CURTIS, H. F.: Alexandria, Egypt (Jan. 14, 1939).

The ancient Egyptians of early periods were free from caries. In later periods occlusal-surface cavities occurred only rarely ; interproximal-sur face caries was completely absent. In Egypt, since the Greek invasion and the later introduction of sugar cane, caries has increased cumulatively, its in­cidence among present-day Egyptians being about the same as in Europeans. The diets are similar.

In human remains of ancient Egyptians of all periods, caries was a rarity. In one hundred skulls and mandibles belonging to the First Dynasty (3400 B.C.), no caries was found. The teeth of the people of this period were as nearly perfect as human teeth can be—little attrition, a few (5 percent) impacted mandibular third molars, some salivary calculus, complete absence of caries. In skulls of the First Dynasty to the beginning of the Middle Empire (2750 B.C.), no caries was found, but there was attrition of increasing severity. At the end of the Middle Empire Period (1600 B.C.), there was some occlusal caries in isolated molars, or in teeth that had lost function. Among remains of the Ptolomeic Period (300 B.C.-200 A.D.), caries was much more marked than in earlier periods, but was not common, only occlusal surfaces being attacked. No interproximal caries or cervical-margin erosion has ever been noted in teeth of ancient Egyptians from 3400 B.C. to the Coptic era (500 A.D.) ; observed caries occurred only on occlusal surfaces of molars and bicuspids. Since 1000 A.D., caries has steadily increased. The diets of ancient Egyptians of all periods were well balanced, consisting of coarse breads, raw vegetables and some meats. Sugar was first found in Egypt about 700 A.D., and pasty foods came into vogue after the Greek invasion. The only sweetening the ancient Egyptians had was natural honey of the bee, and undoubtedly this was used but little in the every-day diet.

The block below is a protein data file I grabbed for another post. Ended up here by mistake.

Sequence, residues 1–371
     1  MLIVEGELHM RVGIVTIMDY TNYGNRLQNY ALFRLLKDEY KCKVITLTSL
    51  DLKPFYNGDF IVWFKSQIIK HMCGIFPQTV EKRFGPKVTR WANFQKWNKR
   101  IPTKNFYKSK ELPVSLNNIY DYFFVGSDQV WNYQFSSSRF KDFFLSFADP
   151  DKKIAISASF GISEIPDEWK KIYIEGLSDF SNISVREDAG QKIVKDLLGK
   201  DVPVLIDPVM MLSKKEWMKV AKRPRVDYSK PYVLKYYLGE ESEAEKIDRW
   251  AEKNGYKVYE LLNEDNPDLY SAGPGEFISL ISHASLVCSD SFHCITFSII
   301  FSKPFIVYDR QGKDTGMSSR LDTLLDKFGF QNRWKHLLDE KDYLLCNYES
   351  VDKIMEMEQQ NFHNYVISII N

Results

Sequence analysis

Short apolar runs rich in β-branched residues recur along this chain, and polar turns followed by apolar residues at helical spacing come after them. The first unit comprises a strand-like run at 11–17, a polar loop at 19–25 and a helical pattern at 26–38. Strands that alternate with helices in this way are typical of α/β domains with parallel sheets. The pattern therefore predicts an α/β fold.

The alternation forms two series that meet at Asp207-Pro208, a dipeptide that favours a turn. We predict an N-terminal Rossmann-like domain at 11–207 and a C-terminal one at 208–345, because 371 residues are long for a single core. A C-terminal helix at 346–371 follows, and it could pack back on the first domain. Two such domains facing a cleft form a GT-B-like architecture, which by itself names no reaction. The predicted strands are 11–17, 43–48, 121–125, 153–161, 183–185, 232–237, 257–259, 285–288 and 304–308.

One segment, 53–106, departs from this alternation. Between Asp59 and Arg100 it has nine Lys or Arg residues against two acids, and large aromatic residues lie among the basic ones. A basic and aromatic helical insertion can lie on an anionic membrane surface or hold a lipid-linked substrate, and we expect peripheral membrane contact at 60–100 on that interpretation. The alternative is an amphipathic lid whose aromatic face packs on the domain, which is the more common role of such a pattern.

Reference: None submitted.

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